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Reviewed by:
  • The Rehearsal, Playing the Dane
  • Melissa Lee
The Rehearsal, Playing the Dane. By Pan Pan Theatre. Directed by Gavin Quinn. Wexner Center for the Arts, Columbus, Ohio. 20 November 2011.

It is a dog’s life in The Rehearsal, Playing the Dane, a provocative and whimsical revisioning of Shakespeare’s Hamlet by the Dublin-based experimental theatre company Pan Pan. Founded in 1991, the award-wining Pan Pan last brought its brand of theatrical innovation to the Wexner Center in 2008 with Oedipus Loves You, a punk rock–infused, dysfunctional-family drama inspired by the doomed House of Thebes. In its treatment of the burdened Prince of Denmark, Pan Pan again surprised with an interactive work that celebrated Hamlet as a cultural touchstone yet respectfully refused to be bound by its textual authority. The Rehearsal, Playing the Dane played up Hamlet’s cultural reach by situating Hamlet as a contemporary Everyman and all actors/spectators as would-be Hamlets. While any given production of Hamlet is arguably haunted by previous iterations, Pan Pan’s metatheatrical approach welcomed comparison, explicitly referring to and, in part, emulating Richard Burton’s 1964 Hamlet, a production notable for its unconventional staging in a “rehearsal room” style. In addition to this strategy of self-reflexivity, the production borrowed from the aesthetic of the absurd, an unexpected though complementary pairing that injected a new, contemporary sensibility into this time-honored tale of ambition, misfortune, and duty.

A curious pre-show set the tone for the performance, featuring two men, a Great Dane (Sir Brody), [End Page 437] and a game of keep away with poor Yorick’s skull as the ball. This lively sequence functioned as a dumbshow, a spectacle of play, performance, and real and fictional identities that deliberately cited Hamlet’s theatricality, comically toppled preconceptions about this retelling, and alluded to a new kind of mousetrap, one where we all share the same (Yorick’s) fate. As a stand-in for Hamlet, the majestic-looking canine was more than just a visual pun; the Great Dane’s carefree presence and enthusiastic play juxtaposed the oblivion and mortality signified by the object of his attention, the toy skull, while the game itself seemed to comment on Hamlet’s impending quest for truth and revenge—as if to say, in the end we are all just chasing our tails.

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A hungry actor auditioning for the role of a lifetime. Derrick Devine (would-be Hamlet) in The Rehearsal, Playing the Dane. (Photo: Ros Kavanagh.)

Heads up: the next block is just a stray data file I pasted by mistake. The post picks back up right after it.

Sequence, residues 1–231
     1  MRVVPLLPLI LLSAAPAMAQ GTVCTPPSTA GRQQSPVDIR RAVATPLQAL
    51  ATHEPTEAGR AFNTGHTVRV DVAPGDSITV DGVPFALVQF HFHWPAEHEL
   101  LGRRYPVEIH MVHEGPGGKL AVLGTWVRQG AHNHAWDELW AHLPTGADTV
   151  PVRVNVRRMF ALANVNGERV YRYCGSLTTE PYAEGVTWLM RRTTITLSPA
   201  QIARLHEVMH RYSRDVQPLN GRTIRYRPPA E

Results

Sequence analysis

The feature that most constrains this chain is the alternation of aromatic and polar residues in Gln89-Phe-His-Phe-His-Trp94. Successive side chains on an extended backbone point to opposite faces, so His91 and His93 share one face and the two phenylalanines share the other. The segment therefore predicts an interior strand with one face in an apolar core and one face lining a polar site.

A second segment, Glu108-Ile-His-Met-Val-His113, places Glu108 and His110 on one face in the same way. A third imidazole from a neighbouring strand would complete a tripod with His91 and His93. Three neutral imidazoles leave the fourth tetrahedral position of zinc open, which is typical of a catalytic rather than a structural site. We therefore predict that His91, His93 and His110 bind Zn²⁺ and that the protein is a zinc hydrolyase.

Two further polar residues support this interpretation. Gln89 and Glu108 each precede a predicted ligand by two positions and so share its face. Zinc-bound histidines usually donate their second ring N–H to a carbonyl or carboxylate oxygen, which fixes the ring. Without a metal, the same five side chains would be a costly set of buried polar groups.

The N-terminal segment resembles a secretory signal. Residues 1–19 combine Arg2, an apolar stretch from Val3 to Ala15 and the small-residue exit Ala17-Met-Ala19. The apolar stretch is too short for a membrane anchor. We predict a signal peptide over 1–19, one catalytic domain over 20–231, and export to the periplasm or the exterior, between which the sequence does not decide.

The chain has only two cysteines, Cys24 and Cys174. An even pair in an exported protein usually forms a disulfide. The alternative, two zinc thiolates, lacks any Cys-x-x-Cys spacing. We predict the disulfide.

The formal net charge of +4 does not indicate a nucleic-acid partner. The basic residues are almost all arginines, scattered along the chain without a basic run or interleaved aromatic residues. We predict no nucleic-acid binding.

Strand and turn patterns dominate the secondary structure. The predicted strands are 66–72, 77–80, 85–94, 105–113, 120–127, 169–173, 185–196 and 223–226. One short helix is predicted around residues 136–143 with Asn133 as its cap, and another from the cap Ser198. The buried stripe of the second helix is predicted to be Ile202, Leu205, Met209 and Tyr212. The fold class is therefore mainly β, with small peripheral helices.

As the carefully punctuated title suggests, the play was presented in two distinct parts that together created the overarching play-within-a-play structure. In act 1, Pan Pan’s production team, lead by director Gavin Quinn, played by himself, auditioned three Hamlet hopefuls: actors Derrick Devine, Conor Madden, and Bashir Moukarzel, also played by themselves. Quinn put the actors through their paces, making a spectacle of the performers’ emotional and physical agility, as well as their professional ambition and personal quirks, and in the process comically exposed the indignities of the actor’s life. The Rehearsal’s endgame became clear when Quinn tasks audience members with the responsibility of casting the role of Hamlet, asking them to vote by standing with the actor of their choice. After several suspenseful minutes of democracy in action, the body count at this performance awarded the part of Hamlet to Moukarzel, whose measured, cerebral interpretation narrowly edged out Madden’s manic physicality and Devine’s brooding introspection.

With the main character cast, act 2, Playing the Dane, focused on the playing of an abbreviated version of Hamlet’s story. In Pan Pan’s revisioning, however, Hamlet was not the lone actor Shakespeare scripted him to be. At various points, Moukarzel’s Hamlet was shadowed by would-be Hamlets Devine and Madden (and by extension all the spectators who took the stage in the previous act to associate themselves with their representative Hamlet). The would-be Hamlets echoed Moukarzel’s movement and words, a staging that positioned Hamlet less as an icon of individualism than as a barometer for a collective consciousness. In this vein, Hamlet’s “To...


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